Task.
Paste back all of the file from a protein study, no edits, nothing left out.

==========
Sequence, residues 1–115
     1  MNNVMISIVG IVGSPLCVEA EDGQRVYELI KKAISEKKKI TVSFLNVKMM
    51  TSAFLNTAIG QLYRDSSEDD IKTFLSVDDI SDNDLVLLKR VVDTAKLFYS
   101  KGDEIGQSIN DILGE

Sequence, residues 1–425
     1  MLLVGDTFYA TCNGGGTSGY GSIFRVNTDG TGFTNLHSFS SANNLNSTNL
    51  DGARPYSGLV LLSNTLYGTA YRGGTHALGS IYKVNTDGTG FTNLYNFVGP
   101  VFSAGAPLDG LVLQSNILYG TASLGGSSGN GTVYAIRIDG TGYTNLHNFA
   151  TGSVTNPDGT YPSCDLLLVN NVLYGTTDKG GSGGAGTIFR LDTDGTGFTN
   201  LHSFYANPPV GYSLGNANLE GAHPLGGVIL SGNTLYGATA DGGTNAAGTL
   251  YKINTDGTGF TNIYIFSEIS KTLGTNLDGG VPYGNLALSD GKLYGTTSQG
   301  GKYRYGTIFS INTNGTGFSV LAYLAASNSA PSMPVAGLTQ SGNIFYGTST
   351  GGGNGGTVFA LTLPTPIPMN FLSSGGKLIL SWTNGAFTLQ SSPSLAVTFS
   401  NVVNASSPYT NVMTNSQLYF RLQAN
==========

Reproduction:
Sequence, residues 1–115
     1  MNNVMISIVG IVGSPLCVEA EDGQRVYELI KKAISEKKKI TVSFLNVKMM
    51  TSAFLNTAIG QLYRDSSEDD IKTFLSVDDI SDNDLVLLKR VVDTAKLFYS
   101  KGDEIGQSIN DILGE

Sequence, residues 1–425
     1  MLLVGDTFYA TCNGGGTSGY GSIFRVNTDG TGFTNLHSFS SANNLNSTNL
    51  DGARPYSGLV LLSNTLYGTA YRGGTHALGS IYKVNTDGTG FTNLYNFVGP
   101  VFSAGAPLDG LVLQSNILYG TASLGGSSGN GTVYAIRIDG TGYTNLHNFA
   151  TGSVTNPDGT YPSCDLLLVN NVLYGTTDKG GSGGAGTIFR LDTDGTGFTN
   201  LHSFYANPPV GYSLGNANLE GAHPLGGVIL SGNTLYGATA DGGTNAAGTL
   251  YKINTDGTGF TNIYIFSEIS KTLGTNLDGG VPYGNLALSD GKLYGTTSQG
   301  GKYRYGTIFS INTNGTGFSV LAYLAASNSA PSMPVAGLTQ SGNIFYGTST
   351  GGGNGGTVFA LTLPTPIPMN FLSSGGKLIL SWTNGAFTLQ SSPSLAVTFS
   401  NVVNASSPYT NVMTNSQLYF RLQAN